Brexit: Border systems and processes still need ‘much more work’, says NAO report

Auditors’ assessment praises work that has taken place so far but warns of ongoing threats to successful delivery

Credit: Danny Howard/CC BY 2.0

The National Audit Office has saluted departments’ efforts to handle the end of the EU transition period from the start of January this year – but cautioned that risks still remain in ensuring the efficacy of key border systems.

In a report on post-Brexit border arrangements between Great Britain and the EU, the public-spending watchdog acknowledged the government had been able to deliver an “initial” capability at the border. However it noted that “much more work” is needed to bring in import controls, reduce the burden on traders, and resolve the position for Northern Ireland.

In the run-up to the UK’s final exit from the European Union, departments including the Home Office, HM Revenue and Customs, and the Department for Environment, Food and Rural Affairs faced a huge workload in preparing new IT systems and digital services to support customs, import and export, and immigration procedures at the UK border.

The NAO report said that, while significant queues did not did not materialise at the border on 1 January, stockpiling, trader concern about new import controls and the impact of the pandemic were all contributory factors. It added that the government had pushed back the introduction of import controls three times so far, and full import controls were not now due to be introduced until July next year.

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The report said delaying the introduction of import controls, offering easements and support for traders were approaches that “cannot go on indefinitely”,  and might be a challenge risk on the part of World Trade Organisation partners.

The NAO report said the government had reported being on track to meet its previous timetable for most controls to be introduced by January 2022. 

The watchdog agreed most of the systems, infrastructure and resources needed for January 2022 were on track, but found “elements where delivery was at risk and where departments might have had to deploy contingency plans”.

It added that there was still “considerable uncertainty” regarding future arrangements for the Northern Ireland Protocol, which currently also has grace periods that have delayed requirements for some checks and preparations.

The NAO said the volume of checks required on animals, plants and related products arriving in Northern Ireland would increase significantly once those grace periods expire, while talks between the UK and EU are ongoing about the future of the protocol.

NAO head Gareth Davies said managing the end of the transition period had been a considerable task for which departments deserved credit, but cautioned that the scale of future challenges should not be underestimated.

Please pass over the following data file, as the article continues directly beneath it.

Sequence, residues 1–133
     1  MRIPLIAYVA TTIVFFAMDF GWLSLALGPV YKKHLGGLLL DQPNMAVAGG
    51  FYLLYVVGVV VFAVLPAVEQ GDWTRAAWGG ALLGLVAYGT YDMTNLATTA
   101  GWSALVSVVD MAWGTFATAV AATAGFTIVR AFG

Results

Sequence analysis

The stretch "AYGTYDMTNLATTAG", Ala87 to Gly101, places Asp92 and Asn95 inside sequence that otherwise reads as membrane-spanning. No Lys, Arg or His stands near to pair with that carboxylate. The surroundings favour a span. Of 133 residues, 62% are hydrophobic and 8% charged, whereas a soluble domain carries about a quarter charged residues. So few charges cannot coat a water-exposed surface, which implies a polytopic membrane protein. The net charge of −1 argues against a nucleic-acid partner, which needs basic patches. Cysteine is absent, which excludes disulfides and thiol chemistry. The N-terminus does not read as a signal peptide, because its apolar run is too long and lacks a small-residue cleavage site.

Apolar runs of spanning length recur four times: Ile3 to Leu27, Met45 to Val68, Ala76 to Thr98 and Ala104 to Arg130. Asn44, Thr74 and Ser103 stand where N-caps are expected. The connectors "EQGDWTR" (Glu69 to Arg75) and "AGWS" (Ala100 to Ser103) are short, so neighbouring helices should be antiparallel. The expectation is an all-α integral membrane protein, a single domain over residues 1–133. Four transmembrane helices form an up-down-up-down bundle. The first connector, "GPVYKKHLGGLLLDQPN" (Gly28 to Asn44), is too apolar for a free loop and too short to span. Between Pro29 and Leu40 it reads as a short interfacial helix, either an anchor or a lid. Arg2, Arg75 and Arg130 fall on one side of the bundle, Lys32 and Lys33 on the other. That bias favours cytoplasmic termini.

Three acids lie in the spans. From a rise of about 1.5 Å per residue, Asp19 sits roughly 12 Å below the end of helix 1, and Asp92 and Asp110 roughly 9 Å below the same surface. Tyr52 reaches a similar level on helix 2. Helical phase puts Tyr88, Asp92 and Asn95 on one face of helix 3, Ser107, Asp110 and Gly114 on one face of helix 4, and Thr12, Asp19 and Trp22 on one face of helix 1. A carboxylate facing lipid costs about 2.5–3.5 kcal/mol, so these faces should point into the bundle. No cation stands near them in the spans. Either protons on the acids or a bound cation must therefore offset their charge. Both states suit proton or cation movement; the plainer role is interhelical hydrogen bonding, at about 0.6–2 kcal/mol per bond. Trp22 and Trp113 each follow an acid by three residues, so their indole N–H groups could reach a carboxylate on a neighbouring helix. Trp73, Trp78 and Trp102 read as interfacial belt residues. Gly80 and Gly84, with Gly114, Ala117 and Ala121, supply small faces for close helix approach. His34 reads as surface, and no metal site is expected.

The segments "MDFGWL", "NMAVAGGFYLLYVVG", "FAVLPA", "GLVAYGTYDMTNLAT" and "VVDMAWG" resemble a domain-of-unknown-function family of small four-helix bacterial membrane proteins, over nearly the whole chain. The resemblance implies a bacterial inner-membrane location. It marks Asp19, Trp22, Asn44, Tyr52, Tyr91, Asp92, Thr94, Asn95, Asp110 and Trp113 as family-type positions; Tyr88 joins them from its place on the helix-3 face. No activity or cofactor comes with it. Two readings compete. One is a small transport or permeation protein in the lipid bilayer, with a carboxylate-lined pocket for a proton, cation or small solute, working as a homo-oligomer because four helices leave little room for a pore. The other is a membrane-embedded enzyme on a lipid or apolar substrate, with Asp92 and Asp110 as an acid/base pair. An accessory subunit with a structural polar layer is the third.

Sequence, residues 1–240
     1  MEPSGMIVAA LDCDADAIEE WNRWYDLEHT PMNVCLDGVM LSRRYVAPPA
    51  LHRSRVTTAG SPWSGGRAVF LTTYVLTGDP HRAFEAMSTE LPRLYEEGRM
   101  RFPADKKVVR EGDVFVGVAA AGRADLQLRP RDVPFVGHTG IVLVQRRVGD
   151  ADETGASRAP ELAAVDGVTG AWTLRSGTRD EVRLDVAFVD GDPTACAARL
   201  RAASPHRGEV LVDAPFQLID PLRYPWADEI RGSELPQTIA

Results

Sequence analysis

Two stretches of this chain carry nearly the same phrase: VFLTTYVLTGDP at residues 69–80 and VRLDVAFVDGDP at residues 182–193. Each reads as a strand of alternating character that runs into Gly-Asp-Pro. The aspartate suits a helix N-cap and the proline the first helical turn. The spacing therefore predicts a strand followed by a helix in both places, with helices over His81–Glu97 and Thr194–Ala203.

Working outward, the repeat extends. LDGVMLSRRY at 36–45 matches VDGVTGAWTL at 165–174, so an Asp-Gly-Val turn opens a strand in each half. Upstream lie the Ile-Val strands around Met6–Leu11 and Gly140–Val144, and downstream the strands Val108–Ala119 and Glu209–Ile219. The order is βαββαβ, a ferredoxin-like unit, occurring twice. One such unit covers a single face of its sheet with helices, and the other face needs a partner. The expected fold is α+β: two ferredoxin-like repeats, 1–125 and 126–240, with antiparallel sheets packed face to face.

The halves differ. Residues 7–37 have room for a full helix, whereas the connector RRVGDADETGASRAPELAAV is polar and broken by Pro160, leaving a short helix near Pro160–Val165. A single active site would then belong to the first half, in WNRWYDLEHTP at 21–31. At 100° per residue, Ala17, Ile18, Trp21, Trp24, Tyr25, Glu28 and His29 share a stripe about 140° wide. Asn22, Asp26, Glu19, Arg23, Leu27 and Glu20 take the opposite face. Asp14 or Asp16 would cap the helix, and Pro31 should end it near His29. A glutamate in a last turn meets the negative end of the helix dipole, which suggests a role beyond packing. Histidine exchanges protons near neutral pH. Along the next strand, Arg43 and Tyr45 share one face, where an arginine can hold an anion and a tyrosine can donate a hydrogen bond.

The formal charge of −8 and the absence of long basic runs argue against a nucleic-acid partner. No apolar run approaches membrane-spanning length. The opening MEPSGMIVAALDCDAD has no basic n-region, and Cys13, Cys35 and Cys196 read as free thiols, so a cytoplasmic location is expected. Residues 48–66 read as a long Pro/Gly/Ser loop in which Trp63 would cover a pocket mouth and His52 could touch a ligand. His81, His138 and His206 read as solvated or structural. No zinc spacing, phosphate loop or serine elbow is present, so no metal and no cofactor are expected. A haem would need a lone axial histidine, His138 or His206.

“We recognise the significant achievement of government, departments and third parties in delivering the initial operating capability needed at the border for the end of the transition period,” he said. “However, this was done in part by using interim measures and by delaying the introduction of full import controls. Much more work is needed to put in place a model for the border that reduces the risk of non-compliance with international trading rules, does not require any temporary fixes, and is less complicated and burdensome for border users.”

The NAO said the UK government should prioritise addressing risks related to infrastructure and trader and haulier readiness, and provide support and guidance they need to adapt to new rules as they are introduced.

It added that the government should also prioritise efforts to streamline border processes and reduce the administrative burden on traders.

The NAO said traders completed around 48 million customs declarations on goods moving between Great Britain and the EU and between the UK and the rest of the world in the first eight months of 2021. Meanwhile, certifying officers signed off 140,000 export-health certificates for goods moving from the UK to the EU between January and June this year.

It said the UK’s trade with the European Union fell significantly in the first quarter of 2021, but partially recovered in the second quarter.

The NAO said the Office for National Statistics had stressed the impossibility of disentangling the impacts of Brexit from the effects of the pandemic. However, it flagged the “significantly greater” reduction in trade with the EU in the first half of 2021 compared with trade between the UK and the rest of the world.


Sam Trendall

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